Messaging Checklist 2021

It has been awhile since I shared an updated version of the messaging checklist that I use as a guide to develop integrated marketing campaigns that involve multiple channels. Gone are the days I fuss so much about the particular sizes of images (thanks to Canva, Adobe Spark and Promo) or characters in a tweet. Now I focus on creating coordinated images and stories to be delivered along a combination of different channels depending on what the goal of the campaign is and who I am trying reach.

The mort important thing is to think with fresh eyes about who your customer is and how to get your program or event in front of them. Use out-of-the-box avenues where feasible — Next Door, Eventbrite, Google Business posts, for instance. Nonprofit doesn’t mean noncompetitive. It’s up to you to get your story across in a place your audience will find it.

Messaging Checklist

  • Website
    1. Banner
    2. Page with additional information
  • Flyer(s)
  • ECW bilingual messages
    1. Email
    2. Patient Portal
    3. Text
    4. Robocall message/voice mail
  • Social Media
    1. Facebook/Instagram Post(s)
    2. Twitter
    3. YouTube
    4. TikTok
  • Additional channels:
    1. Newsletter
    2. Google
    3. Bing
    4. NextDoor
    5. Yelp – special offer?
    6. Community Partners or Leaders
    7. Eventbrite
    8. Direct Mail
    9. Press Release
    10. Other:______________________________

924 Days Later…

It feels like a lifetime ago since I last posted here 924 days ago. In a way, it has been a lifetime. Forgive my absence, but my beloved partner of 20 years died 209 days ago, after a long and chronic illness which at times overwhelmed us both. A bit of an optimist, for the first 14 years we were together, I was certain Ruben was going to get better “in the next two weeks.” Except, something always happened. A blister, turned into an ulcer, followed by weeks and months or years of off-loading that usually were successful — but sometimes not – leading to a couple of amputations of toes. Then it was his eyesight, followed by kidney failure and dialysis. After a transplant in 2013, I was sure we were on our way to living a normal life. Except, we weren’t.

In 2014, I adjusted my hopes. I thought, if Ruben didn’t recover “in the next two weeks,” then perhaps we could just maintain things as-is forever. His diabetes, blood pressure and kidney function were all great. The status quo was my big plan. But then 2017 came along and stripped me of hope courtesy of Facebook reminder pics which began popping up, sharing images of Ruben past and present on my timeline. The difference was shocking. Even I could see we weren’t maintaining things, we were losing. His nephrologist gently suggested we should work on his Advance Directive.

I didn’t have a name for what was wrong with Ruben, I just knew he was dying ever so slowly before my eyes and there was nothing I could do about it.

Since April of 2018, everything just got harder every day even as I loved Ruben more and more as he struggled with physical impairments that day by day robbed him of so much. Meanwhile, I was deep in the weeds of being a caregiver, and I didn’t even know it. In retrospect, I did many things the hard way before reaching out for resources which saved me, including a caregiver support group through USC and beginning a daily meditation practice.

My Ruben passed away at home on April 30 as the first wave of the coronavirus pandemic was unfolding. The lockdown in March did speed up his demise, as we were unable to access feeding tube services which would have extended his life for a few more months. I had always thought I would be with Ruben near the end, but to my horror I couldn’t be with him at the hospital when he was there for about 10 days until they sent him home for hospice which lasted less than a day when he was not really conscious. There was no memorial service to bring closure with his friends and family. Like so many others around the world during this dark time, I was all alone in grief. He was my world, and then just like that he was gone.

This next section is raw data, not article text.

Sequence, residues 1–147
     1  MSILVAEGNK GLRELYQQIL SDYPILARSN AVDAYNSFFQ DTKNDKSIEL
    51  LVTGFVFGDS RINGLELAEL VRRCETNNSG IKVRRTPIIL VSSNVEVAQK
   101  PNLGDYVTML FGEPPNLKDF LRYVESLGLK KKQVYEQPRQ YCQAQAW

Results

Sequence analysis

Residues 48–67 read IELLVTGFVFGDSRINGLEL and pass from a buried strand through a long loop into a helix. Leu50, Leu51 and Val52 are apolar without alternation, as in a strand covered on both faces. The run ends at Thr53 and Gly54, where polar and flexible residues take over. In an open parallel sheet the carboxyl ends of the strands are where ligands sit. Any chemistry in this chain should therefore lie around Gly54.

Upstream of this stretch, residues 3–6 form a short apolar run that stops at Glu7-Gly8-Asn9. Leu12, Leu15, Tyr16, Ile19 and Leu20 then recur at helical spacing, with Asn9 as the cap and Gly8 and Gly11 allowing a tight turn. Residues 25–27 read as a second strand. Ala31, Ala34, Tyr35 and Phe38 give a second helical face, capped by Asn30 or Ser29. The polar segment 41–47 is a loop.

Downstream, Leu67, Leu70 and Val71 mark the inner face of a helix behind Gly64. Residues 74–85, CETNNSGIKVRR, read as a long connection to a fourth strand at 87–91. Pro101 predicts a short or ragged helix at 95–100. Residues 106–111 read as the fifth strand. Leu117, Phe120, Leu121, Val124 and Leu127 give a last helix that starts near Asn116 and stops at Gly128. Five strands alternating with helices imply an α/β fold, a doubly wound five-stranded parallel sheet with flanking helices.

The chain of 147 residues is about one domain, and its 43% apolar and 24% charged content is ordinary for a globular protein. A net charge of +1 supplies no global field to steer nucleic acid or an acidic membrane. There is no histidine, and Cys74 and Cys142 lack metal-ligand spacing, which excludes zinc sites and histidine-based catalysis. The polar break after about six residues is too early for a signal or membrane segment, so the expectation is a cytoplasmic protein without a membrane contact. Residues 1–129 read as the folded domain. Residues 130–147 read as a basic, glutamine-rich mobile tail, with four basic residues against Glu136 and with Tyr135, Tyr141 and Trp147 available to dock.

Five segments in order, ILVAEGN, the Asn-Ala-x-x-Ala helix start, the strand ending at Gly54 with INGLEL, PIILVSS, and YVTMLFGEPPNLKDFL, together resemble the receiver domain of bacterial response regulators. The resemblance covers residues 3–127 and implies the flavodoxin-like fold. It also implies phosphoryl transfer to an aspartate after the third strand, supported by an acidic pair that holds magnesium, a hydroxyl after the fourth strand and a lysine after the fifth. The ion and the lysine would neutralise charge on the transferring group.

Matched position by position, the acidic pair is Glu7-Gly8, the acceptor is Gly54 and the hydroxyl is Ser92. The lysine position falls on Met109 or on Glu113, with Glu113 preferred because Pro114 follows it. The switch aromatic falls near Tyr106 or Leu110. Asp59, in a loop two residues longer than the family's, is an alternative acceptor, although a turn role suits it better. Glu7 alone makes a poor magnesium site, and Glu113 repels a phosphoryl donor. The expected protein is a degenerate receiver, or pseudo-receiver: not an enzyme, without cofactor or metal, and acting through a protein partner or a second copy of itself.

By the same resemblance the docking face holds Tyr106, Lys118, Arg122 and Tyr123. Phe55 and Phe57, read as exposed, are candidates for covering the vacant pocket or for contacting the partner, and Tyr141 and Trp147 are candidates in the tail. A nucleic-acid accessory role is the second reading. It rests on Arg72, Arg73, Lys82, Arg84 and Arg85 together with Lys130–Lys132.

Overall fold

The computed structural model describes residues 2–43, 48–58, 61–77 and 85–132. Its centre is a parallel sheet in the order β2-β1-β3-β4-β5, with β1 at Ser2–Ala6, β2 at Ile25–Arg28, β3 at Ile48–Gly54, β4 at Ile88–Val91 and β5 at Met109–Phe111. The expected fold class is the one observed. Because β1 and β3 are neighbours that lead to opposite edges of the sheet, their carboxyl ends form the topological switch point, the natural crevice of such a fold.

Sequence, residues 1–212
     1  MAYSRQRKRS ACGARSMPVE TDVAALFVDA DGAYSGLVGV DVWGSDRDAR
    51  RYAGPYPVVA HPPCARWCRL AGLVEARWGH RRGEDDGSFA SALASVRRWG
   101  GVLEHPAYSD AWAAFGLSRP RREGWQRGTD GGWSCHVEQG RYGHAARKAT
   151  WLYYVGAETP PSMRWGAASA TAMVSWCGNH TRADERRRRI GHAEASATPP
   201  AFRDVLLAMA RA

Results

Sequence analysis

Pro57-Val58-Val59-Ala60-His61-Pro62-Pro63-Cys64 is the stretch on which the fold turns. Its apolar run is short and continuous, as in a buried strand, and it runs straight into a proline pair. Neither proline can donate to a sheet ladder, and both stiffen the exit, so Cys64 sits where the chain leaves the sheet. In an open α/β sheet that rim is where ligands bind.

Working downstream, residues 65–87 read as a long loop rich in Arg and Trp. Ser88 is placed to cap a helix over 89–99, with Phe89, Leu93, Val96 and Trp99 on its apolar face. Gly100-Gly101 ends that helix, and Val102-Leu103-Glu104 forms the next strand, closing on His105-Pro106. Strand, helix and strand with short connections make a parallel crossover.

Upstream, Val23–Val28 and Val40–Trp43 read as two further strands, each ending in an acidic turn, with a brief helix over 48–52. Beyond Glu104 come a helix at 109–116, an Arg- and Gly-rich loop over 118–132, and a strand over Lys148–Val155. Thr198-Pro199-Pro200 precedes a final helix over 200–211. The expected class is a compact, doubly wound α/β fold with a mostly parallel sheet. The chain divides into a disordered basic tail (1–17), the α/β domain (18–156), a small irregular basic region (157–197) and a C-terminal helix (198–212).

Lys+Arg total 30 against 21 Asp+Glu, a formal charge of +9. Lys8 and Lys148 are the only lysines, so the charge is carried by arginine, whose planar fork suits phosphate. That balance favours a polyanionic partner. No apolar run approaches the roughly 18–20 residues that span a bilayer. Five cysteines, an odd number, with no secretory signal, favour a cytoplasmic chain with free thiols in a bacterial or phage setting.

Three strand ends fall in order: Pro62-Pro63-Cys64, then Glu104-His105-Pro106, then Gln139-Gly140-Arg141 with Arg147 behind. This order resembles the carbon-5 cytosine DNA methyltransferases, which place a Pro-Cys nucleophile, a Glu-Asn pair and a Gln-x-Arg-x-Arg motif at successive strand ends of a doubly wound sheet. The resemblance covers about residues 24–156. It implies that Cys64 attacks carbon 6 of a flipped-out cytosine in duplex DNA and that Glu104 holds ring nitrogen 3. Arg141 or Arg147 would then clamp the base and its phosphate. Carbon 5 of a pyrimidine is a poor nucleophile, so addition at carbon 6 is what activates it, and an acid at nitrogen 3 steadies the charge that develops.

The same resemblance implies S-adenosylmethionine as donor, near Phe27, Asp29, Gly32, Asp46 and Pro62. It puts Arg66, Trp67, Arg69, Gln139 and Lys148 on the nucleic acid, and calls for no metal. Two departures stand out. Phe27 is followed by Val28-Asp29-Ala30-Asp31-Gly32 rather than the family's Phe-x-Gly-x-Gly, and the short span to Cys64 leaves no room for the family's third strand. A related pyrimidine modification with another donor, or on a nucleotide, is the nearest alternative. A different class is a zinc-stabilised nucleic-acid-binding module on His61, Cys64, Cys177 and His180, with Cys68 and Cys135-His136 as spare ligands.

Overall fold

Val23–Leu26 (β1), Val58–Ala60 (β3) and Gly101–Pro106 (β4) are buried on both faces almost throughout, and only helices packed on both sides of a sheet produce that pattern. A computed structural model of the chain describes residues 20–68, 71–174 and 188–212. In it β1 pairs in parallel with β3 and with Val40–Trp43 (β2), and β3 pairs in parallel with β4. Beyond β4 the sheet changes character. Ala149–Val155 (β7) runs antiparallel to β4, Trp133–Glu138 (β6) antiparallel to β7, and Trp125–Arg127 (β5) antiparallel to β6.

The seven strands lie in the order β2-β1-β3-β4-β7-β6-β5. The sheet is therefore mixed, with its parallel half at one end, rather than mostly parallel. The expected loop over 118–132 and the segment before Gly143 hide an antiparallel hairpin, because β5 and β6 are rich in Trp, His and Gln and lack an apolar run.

For the record, I hated every single day in May this year, and didn’t have a very high opinion of June or July either. Luckily, I had good old girlfriends to re-connect with virtually, and I found an online grief support group through reddit where people didn’t try to “fix” others’ grief – they just listened or shared — which was exactly what I needed. Strange, how a mix of real friendships, family and random strangers on the internet can get you through a bad spot.

Nothing will ever be the same again, but I will go on. Now I have time to pick up some creative things I left behind – like this blog —  and to start writing new work that has been left undone for more than two decades while I was looking after my beloved. I miss him so very much. I don’t know why I thought everything would go on forever, but I did. Clearly, it doesn’t.

So here is what I know now:

  1. Ruben and I had a very complete and thorough love. It was crazy at times, but it was magical and unconditional and unbreakable. It continues.
  2. Life is short. Seize the day!
  3. Be active. Eat right and be healthy.
  4. Create – -whether it’s people or art or whatever your talent is, use it while you are here.
  5. Love is the most important thing you can do in life, so love the people you are with. Love your friends and family and even random strangers on the internet. They might save you one day.

To learn more about my wonderful Ruben or hear a few of “our” songs, check out this link.

Social Media for CEOs Who Hate Social Media

scary social media

This post is written especially for CEOs and Executive Directors of all the nonprofits out there. You know who you are. You don’t like social media. Not really. It’s not how you grew up because you are a Baby Boomer. You were happy just to have a website for your nonprofit which you grudgingly update once a decade. And then everyone came along and said you had to do social media, too. Bummer. Because, busy you, you don’t have time to understand what all the fuss is.